E. J'lemites Will Need Permits to Visit Ramallah

Starting in July, East Jerusalem Palestinians will be denied freedom of movement into Ramallah, Binyamin region brigade commander Col. Mickey Edelstein has confirmed to Machsom Watch, a voluntary women's group that monitors checkpoints.

Starting in July, East Jerusalem Palestinians will be denied freedom of movement into Ramallah, Binyamin region brigade commander Col. Mickey Edelstein has confirmed to Machsom Watch, a voluntary women's group that monitors checkpoints.

By then, the separation wall in the area, a series of tall cement plates that he calls a "barrier," will be completed. The Qalandiya checkpoint will be moved off the Jerusalem-Ramallah road and upgraded into a terminal.

Palestinian residents of East Jerusalem who want to go to Ramallah will have to request to do so at the checkpoint, he explained. Machsom Watch says its members have been told that the brigade scheduled a discussion this week on the arrangements for passage in the coming period, until the "barrier" is completed.

The Machsom Watch meeting with Edelstein took place after a change was noticed in the policies employed by soldiers at the checkpoint regarding the movement of East Jerusalemite Palestinians. For the first time since the Qalandiya checkpoint went up in December 2001, the soldiers stopped letting hundreds of Palestinians with blue ID cards (signifying their legal residence in Israel) go through the checkpoint in their cars.

Some people were told that they were forbidden to do so because their ID cards did not specify that they resided in Kafr Akab, Samir Amis or the village of Qalandiya, neighborhoods and villages annexed to Jerusalem's municipal area in 1967, but Qalandiya checkpoint is south of those places. Others were told they could not pass because the card said it was issued in "Jerusalem" and not "East Jerusalem." Some said they were not allowed through, but that relatives or neighbors, with the exact same details in their ID cards, were allowed through.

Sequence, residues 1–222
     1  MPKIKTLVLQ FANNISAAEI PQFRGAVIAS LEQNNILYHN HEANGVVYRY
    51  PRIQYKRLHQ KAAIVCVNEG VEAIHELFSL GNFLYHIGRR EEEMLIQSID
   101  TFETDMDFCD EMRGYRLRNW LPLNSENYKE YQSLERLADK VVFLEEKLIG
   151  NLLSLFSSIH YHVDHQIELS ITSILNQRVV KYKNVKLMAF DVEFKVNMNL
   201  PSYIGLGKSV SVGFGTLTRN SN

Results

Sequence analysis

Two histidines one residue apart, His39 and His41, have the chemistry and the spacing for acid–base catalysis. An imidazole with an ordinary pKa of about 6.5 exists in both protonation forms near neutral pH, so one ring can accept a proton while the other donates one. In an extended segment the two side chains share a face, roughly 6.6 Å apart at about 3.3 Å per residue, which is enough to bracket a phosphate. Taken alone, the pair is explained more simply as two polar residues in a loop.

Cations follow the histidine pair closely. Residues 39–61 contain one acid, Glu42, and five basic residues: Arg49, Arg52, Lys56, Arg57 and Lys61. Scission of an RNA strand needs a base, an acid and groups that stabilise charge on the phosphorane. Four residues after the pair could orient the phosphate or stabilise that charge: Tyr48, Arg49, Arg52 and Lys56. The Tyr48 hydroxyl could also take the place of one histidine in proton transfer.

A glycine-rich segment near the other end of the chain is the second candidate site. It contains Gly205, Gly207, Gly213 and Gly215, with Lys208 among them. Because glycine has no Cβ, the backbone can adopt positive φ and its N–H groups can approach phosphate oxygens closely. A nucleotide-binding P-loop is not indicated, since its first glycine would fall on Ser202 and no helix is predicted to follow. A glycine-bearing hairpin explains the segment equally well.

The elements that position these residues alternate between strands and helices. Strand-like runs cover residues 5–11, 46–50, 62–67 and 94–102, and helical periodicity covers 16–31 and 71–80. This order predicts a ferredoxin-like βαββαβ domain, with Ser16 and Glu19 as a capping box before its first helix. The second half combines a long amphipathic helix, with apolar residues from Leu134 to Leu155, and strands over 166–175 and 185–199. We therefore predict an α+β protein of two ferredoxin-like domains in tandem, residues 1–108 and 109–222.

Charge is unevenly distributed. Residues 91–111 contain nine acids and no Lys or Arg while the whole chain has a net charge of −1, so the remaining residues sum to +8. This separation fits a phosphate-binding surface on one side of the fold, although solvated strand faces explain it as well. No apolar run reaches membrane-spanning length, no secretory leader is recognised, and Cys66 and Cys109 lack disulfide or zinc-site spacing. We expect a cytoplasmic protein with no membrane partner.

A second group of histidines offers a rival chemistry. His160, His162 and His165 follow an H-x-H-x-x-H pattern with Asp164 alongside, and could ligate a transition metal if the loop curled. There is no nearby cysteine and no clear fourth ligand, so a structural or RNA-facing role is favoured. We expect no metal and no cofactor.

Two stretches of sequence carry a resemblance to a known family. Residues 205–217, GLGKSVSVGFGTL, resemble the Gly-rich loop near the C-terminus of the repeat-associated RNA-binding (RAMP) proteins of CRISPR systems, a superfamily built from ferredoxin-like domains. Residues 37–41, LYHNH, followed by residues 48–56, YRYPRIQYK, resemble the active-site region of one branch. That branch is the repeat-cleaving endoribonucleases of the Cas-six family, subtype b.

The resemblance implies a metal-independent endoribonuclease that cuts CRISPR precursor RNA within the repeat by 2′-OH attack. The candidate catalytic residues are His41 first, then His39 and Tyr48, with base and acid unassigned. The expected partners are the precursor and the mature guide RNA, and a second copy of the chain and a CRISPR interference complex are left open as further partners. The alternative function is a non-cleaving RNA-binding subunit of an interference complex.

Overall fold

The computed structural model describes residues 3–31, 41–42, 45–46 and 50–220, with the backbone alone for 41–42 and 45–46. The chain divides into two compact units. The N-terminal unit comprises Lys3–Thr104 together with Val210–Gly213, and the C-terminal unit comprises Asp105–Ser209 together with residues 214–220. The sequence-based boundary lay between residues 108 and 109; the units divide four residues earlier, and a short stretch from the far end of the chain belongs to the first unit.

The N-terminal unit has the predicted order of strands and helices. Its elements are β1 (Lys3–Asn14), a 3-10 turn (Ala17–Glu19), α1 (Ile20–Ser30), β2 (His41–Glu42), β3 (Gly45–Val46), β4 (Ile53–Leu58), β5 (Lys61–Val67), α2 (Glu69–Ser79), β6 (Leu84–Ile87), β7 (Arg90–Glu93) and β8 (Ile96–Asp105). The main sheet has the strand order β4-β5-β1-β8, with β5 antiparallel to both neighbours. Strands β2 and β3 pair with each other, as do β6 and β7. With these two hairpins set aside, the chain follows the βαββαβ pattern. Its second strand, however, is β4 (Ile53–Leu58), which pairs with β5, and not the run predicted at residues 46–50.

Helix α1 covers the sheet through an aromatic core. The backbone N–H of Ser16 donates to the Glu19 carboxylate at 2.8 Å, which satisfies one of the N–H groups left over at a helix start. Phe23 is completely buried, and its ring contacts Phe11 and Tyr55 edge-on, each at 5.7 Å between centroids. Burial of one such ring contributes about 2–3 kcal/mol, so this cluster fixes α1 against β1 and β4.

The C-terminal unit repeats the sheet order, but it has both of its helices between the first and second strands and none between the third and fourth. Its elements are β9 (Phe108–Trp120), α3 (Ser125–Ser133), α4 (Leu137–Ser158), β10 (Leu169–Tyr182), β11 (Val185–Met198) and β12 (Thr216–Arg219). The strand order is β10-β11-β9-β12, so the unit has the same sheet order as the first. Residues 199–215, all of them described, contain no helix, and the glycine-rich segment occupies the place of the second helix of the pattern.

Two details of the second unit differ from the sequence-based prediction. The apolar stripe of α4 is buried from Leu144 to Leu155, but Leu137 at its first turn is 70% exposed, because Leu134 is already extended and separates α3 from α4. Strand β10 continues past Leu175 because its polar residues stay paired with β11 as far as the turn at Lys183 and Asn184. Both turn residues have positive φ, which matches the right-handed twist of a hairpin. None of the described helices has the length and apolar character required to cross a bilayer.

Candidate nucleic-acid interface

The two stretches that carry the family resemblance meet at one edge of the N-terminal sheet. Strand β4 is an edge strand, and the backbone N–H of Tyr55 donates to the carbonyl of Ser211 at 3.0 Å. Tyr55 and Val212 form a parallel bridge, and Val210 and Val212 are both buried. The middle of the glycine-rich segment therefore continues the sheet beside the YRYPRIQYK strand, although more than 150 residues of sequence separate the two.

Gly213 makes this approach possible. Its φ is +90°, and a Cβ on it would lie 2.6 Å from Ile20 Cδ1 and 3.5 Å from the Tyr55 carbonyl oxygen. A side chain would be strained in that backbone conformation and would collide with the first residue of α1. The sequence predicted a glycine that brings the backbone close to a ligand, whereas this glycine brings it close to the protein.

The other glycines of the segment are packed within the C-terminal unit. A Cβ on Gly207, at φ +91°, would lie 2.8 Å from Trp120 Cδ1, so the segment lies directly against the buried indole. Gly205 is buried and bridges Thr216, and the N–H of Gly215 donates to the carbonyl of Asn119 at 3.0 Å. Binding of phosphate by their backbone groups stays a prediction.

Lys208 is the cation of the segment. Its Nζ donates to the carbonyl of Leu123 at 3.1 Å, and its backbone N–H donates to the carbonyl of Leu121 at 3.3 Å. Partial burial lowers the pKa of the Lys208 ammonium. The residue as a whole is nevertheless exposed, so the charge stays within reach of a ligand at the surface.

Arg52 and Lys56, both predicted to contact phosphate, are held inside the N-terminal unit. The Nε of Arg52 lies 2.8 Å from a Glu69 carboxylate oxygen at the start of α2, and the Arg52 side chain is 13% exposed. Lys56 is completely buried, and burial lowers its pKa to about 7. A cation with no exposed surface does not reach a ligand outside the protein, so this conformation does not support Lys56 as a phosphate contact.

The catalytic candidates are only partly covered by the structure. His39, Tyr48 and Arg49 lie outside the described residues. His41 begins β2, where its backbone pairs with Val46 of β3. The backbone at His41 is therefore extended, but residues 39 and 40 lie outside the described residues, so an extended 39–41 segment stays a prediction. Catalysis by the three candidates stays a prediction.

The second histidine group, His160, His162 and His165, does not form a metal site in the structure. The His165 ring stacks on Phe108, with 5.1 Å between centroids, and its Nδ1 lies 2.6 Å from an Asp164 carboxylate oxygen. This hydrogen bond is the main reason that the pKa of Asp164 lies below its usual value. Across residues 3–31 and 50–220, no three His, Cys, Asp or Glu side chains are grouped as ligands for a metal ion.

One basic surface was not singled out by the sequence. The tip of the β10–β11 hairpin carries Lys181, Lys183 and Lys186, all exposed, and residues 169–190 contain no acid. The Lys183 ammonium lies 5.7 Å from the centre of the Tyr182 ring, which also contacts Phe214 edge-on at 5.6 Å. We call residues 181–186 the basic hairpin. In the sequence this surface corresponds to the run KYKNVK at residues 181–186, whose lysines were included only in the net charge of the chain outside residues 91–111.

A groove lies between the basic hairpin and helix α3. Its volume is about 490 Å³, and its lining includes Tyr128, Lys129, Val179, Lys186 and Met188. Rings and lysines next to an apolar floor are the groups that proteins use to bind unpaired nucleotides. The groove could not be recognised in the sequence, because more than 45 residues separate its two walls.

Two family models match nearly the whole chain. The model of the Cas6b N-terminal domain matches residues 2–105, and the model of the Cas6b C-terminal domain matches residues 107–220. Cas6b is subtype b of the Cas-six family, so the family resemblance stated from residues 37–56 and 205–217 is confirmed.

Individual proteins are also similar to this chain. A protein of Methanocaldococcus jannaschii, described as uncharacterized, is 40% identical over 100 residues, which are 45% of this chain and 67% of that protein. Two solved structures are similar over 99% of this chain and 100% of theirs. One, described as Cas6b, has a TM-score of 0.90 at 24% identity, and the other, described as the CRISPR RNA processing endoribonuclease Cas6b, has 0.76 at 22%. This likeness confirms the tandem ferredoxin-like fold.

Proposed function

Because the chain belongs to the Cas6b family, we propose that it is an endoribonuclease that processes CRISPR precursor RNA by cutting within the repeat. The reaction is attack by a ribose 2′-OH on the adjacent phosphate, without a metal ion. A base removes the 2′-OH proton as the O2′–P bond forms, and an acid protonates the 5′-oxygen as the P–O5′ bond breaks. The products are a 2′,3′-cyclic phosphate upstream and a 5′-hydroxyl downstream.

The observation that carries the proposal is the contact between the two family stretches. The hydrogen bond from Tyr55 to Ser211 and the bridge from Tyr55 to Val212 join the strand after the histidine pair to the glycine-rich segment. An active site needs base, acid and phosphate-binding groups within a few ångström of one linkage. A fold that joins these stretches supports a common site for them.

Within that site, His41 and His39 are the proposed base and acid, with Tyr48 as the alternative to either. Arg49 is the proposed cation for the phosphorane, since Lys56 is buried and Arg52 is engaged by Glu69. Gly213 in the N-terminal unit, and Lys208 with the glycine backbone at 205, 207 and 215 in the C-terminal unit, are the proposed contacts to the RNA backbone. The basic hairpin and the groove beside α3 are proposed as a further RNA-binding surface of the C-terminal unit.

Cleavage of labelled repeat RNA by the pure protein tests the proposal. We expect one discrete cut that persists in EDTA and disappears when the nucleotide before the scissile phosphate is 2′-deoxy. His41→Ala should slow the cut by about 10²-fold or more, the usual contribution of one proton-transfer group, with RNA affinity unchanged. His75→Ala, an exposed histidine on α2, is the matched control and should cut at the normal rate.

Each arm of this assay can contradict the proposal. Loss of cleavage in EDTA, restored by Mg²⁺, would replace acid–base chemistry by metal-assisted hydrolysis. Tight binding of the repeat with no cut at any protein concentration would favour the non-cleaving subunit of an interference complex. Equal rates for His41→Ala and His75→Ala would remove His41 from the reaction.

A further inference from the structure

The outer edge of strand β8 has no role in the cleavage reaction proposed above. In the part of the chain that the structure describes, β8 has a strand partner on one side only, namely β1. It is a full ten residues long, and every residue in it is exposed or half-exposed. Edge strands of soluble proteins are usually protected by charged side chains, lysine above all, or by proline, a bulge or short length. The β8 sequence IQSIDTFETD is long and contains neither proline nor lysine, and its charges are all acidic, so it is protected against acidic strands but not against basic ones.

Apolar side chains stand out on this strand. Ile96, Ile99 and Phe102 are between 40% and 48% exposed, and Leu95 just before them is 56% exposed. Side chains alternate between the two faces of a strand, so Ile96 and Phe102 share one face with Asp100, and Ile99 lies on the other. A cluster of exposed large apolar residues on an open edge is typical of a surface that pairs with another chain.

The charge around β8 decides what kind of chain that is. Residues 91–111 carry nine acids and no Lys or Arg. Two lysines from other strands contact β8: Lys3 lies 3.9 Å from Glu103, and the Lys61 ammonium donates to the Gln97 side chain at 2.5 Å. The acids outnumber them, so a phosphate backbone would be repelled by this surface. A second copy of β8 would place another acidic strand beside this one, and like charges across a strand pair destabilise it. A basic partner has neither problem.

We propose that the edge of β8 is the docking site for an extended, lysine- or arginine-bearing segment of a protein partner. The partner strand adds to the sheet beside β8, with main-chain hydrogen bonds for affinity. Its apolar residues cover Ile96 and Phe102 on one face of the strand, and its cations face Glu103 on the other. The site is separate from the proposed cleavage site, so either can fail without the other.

However, pedestrians were not prevented from passing through the checkpoint on their way to Ramallah. Usually, the soldiers do not examine the documents of those heading north, toward Ramallah, only those heading south, into Jerusalem.

The YNet site, which reported on January 13 about how thousands of people were being denied entry to the West Bank, also reported that the IDF said it was a mistake made by a group of new reservists manning the checkpoint, who did not know that an order issued at the start of the intifada preventing Israelis from entering Area A does not cover Palestinian residents of Jerusalem. But in response to a question from Haaretz, the IDF Spokesman said on January 18 that the soldiers' behavior at the checkpoint was in accordance with the order.